10 Best Dog Breeds to Own If You're Over 55, Veterinarian Says
From greyhounds to mastiffs, these are the best pets for seniors.
Having the companionship of a dog can enrich your golden years immeasurably, enhancing both your mental and physical health. In fact, AARP notes that dogs can reduce stress, loneliness, and depression, while increasing physical fitness, improving heart health, and boosting overall quality of life.
That's why Embrace Pet Insurance spoke with Jacqueline Brister, DVM, a registered veterinarian and pet expert, to find out which dog breeds are best as you get older. "Prospective senior owners should research a breed to ensure maintenance, exercise, and grooming needs match their lifestyle," Brister says. However, she notes that 10 breeds stand out as great pets for many people aged 55 and up.
"Kind but courageous, friendly but dignified," Brister describes English bulldogs as a "docile and loyal breed." Taken together, these qualities make them an excellent match for seniors aged 55 and up.
However, it's important to note that English bulldogs are not particularly well suited for hot climates—meaning your location may determine whether this breed is a good fit for your home.
With their big, droopy ears and cartoonish proportions, it's hard to resist the charm of basset hounds. Brister says their calm, warm demeanors make them ideal companions for seniors.
"Known for being laid-back with an affectionate nature, this breed loves nothing more than snuggling up with their human," says the vet.
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Saint Bernards have a reputation for being great family dogs because of their endless patience and ample affection. However, those same qualities also make them a great match for seniors interested in bigger dogs.
"This sweet, often shy, breed is the ultimate gentle giant," Brister notes.
When you think of a greyhound, you likely think of a race dog moving a mile a minute. However, Brister notes that "despite their slender stature, this breed is known for their lazy personality" at home.
Though they enjoy concentrated bouts of physical activity, they're likely to spend the rest of the day sleeping, which makes them surprisingly easy to care for.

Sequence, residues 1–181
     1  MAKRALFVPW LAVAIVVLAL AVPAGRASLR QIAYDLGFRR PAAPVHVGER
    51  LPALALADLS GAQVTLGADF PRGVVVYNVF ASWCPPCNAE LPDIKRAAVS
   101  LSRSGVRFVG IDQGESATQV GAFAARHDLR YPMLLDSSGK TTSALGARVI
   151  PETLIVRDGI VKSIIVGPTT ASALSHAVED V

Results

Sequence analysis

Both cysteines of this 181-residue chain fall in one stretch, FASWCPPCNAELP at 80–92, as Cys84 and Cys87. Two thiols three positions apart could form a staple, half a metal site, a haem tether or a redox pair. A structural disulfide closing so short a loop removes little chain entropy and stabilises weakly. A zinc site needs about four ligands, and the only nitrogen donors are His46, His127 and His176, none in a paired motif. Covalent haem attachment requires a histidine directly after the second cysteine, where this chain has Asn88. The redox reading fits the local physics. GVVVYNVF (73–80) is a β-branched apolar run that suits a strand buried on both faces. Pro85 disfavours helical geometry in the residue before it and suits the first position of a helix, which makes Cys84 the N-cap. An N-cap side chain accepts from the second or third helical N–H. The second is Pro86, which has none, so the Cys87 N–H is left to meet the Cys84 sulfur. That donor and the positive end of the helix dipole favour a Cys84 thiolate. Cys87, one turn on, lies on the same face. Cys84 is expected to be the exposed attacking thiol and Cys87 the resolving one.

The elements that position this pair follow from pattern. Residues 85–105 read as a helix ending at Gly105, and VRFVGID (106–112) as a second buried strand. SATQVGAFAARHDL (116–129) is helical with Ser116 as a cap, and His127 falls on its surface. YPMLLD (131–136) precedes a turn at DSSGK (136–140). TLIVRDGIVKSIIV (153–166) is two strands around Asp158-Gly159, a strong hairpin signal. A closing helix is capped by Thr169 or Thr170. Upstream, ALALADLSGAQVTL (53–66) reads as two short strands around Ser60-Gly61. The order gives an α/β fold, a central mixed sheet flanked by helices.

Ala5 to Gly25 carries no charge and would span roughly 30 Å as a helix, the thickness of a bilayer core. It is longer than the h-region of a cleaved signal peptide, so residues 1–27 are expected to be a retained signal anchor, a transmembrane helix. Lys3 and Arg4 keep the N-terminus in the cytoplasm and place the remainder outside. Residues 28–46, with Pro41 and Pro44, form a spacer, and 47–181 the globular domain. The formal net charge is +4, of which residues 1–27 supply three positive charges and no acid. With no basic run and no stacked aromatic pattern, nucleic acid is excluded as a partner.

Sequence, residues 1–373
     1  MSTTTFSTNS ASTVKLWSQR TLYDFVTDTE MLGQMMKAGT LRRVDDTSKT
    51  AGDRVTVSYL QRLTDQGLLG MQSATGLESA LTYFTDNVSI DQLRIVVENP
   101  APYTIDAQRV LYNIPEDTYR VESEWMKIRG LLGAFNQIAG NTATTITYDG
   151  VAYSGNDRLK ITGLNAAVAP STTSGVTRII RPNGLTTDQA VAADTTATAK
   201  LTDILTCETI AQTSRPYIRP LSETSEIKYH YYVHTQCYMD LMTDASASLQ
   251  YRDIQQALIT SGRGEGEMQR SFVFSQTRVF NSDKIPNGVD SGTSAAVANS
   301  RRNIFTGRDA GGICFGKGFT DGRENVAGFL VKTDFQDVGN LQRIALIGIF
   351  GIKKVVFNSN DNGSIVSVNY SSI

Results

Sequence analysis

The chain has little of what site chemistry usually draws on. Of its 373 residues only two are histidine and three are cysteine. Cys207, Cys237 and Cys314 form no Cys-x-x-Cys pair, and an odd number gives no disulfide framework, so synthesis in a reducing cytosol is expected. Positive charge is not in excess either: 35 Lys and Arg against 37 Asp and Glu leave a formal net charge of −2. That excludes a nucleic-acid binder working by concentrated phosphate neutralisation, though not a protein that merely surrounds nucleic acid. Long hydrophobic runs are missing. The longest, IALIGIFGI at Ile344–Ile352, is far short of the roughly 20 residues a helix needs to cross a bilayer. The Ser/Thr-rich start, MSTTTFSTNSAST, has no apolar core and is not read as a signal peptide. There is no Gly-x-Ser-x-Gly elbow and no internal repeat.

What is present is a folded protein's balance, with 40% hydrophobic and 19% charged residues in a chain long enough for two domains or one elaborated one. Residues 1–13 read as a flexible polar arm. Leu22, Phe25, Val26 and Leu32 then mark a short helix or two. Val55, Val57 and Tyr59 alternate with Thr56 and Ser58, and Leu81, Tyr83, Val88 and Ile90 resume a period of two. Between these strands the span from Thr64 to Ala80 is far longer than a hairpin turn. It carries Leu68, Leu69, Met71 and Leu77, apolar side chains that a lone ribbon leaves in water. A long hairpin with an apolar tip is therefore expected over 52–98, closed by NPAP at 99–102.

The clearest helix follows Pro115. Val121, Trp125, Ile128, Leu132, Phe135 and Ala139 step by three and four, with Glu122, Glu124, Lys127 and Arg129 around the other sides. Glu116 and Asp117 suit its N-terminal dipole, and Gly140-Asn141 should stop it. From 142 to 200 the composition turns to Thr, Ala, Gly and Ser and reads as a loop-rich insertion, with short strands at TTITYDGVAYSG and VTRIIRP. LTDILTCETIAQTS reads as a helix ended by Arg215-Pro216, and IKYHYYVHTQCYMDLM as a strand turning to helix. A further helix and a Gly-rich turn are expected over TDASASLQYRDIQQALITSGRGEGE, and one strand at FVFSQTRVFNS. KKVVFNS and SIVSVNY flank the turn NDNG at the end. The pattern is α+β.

A mastiff is a large breed with a muscular frame, but their usually docile personalities make them great pets for seniors.
"As a powerful but characteristically gentle breed, they are patient, lovable companions who take best to gentle training," explains Brister.
Moving on to smaller breed dogs, Brister recommends considering a Dachshund if you're 55 or older. "This small but fierce breed loves human company and socializing with others," she says.
Though they're full of pep and personality, their small frame and short legs preclude them from doing extended physical activity. This makes them a good match for seniors who may be up for taking several shorter walks throughout the day.
While some seniors may prefer laid-back breeds, others like a dog with a big personality that they can shower with attention. Yorkshire terriers fall into the latter camp, being bold, energetic, and typically very connected to their caretakers.
"Described as tenacious, feisty and bossy, this breed makes great companions for those living alone," says Brister.
Cavalier King Charles Spaniel
With regal looks and an easygoing demeanor, the Cavalier King Charles spaniel is another great small breed option for people over 55.
"With their sweet, melting expression, this breed is an enchantingly affectionate and intelligent companion," Brister says.
Next, the veterinarian suggests considering a beagle, which she describes as an "adaptable, versatile breed." She says their loving and curious nature—not to mention their even temper—make them an ideal pet for seniors.
Last but not least, Brister recommends Pekingese as a great option for people over the age of 55. This is a "sophisticated breed, known for their undying loyalty and love of cuddling," she notes. A toy-sized breed, they're easy to bring anywhere you go for round-the-clock companionship.
However, the veterinarian also notes that adopting a senior mixed breed dog from a shelter can offer a great alternative to a purebred pet. Many rescues provide discounts for "seniors adopting seniors" and are often a great match, she notes.
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